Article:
Andrew Scott Reisse, 33, a co-founder and lead engineer for Oculus VR, which produces the Oculus Rift headset, has been killed in a hit-and-run accident in Santa Ana, California, reports KABC.
Here’s what you need to know…
1. He Was Struck as a Pedestrian Bystander During a Police Chase
He was struck by the fleeing vehicle while crossing the street at the intersection of MacArthur Boulevard and Flower Street, according to OC Weekly. You can view the intersection below:
2. One of the Suspects Was Fatally Shot by Police Officers
The incident occurred after a police altercation with two parked cars full of people apparently involved in some illegal activity. The confrontation turned physical and resulted in the fatal shooting of Gerardo Diego Ayala, 26, by police officers.
Investigators claim this is what started the car pursuit, as three other suspects then drove off in a white Dodge Charger, running a red-light and striking Reisse, according to KABC.
3. Reisse’s Oculus Rift Was Considered a Revolution in Virtual Reality
Here’s Jamie Hyneman of Mythbusters testing out the device.
The Oculus Rift was the first headset device to make good on many of the promises of the virtual reality dreams of the ’80s.
Invented by Reisse’s partner and co-founder of Oculus VR Palmer Luckey, the Oculus Rift offers head-tracking, stereoscopic 3D rendering, a 110-degree field of view (most VR headsets before this only offered 40-degree views), and 720p LCD screen resolution. The headset retails for $300, according to the Oculus VR website.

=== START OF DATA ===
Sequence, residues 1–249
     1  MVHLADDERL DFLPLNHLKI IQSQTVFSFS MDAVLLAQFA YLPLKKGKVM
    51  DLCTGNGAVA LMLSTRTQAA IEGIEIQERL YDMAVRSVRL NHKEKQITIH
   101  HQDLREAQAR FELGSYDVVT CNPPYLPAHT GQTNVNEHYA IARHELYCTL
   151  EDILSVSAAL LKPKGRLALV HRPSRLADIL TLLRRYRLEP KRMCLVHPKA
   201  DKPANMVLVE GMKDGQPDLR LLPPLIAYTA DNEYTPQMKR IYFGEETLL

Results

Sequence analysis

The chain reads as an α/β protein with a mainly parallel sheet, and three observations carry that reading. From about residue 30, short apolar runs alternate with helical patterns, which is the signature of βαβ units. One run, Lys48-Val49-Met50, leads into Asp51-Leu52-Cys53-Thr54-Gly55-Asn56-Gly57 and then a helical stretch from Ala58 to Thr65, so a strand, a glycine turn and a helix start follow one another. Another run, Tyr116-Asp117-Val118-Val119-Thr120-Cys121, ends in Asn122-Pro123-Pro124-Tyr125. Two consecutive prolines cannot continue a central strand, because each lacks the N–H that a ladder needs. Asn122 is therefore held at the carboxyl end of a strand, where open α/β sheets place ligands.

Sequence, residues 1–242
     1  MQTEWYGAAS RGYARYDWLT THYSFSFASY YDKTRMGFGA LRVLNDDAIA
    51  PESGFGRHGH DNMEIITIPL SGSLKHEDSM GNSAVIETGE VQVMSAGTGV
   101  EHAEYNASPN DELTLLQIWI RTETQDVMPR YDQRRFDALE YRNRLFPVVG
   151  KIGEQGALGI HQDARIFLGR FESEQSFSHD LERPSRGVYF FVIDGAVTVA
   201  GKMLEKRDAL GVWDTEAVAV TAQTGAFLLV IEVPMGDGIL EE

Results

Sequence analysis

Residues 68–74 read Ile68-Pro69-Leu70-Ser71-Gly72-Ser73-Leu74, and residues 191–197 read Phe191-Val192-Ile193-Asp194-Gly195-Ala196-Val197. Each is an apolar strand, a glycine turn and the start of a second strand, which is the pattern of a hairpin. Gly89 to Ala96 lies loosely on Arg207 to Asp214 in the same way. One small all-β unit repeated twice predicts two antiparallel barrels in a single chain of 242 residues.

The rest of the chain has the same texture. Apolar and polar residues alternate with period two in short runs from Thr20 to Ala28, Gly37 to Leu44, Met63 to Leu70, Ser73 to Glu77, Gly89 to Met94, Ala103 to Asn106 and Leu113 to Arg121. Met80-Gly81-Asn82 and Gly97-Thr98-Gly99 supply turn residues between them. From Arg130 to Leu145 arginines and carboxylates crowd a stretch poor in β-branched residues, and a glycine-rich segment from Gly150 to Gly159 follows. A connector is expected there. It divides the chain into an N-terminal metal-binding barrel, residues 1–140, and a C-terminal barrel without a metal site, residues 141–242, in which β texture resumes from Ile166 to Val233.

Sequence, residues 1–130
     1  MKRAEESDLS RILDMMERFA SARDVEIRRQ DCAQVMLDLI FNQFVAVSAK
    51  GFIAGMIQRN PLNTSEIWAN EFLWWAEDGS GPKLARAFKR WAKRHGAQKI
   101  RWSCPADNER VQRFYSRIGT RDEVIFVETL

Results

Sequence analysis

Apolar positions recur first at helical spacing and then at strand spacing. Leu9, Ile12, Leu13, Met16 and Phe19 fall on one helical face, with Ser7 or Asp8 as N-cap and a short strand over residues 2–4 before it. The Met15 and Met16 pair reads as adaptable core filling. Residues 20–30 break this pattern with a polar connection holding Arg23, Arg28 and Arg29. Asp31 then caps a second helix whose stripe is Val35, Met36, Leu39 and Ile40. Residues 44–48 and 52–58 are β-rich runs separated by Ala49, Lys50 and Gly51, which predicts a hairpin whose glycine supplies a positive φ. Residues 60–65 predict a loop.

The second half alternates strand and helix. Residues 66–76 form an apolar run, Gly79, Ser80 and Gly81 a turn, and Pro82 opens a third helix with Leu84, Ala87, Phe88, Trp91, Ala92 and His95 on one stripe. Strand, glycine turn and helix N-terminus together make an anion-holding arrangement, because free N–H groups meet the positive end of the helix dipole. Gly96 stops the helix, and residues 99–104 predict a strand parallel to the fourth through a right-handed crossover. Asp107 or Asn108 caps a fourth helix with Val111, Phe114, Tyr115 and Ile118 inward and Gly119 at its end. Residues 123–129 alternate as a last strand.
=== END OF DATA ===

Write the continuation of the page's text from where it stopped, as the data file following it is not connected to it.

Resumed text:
Basically, Google Glasses are the future of guys oogling girls in inappropriate ways. Hooray for technology!Click here to read more
4. The Oculus Rift Was a Crowd-Funded Project on Kickstarter
The Kickstarter campaign was started by Luckey who had hoped to raise $250,000 to develop the device. After just 30 days, the project raised $2,437,429 and had 9,522 backers.
5. The Oculus Rift Made Headlines When It Was Used to Simulate a Guillotine
In early May of this year, a team of developers found a creative and macabre use of the Oculus Rift by utilizing the device to simulate what it might be like have your head chopped off in a guillotine.
The prototype device uses two HD screens to create an exceptionally immersive 3D experience for anyone wearing the headset.
The guillotine ‘game’ places the wearer in the position of a convict awaiting execution.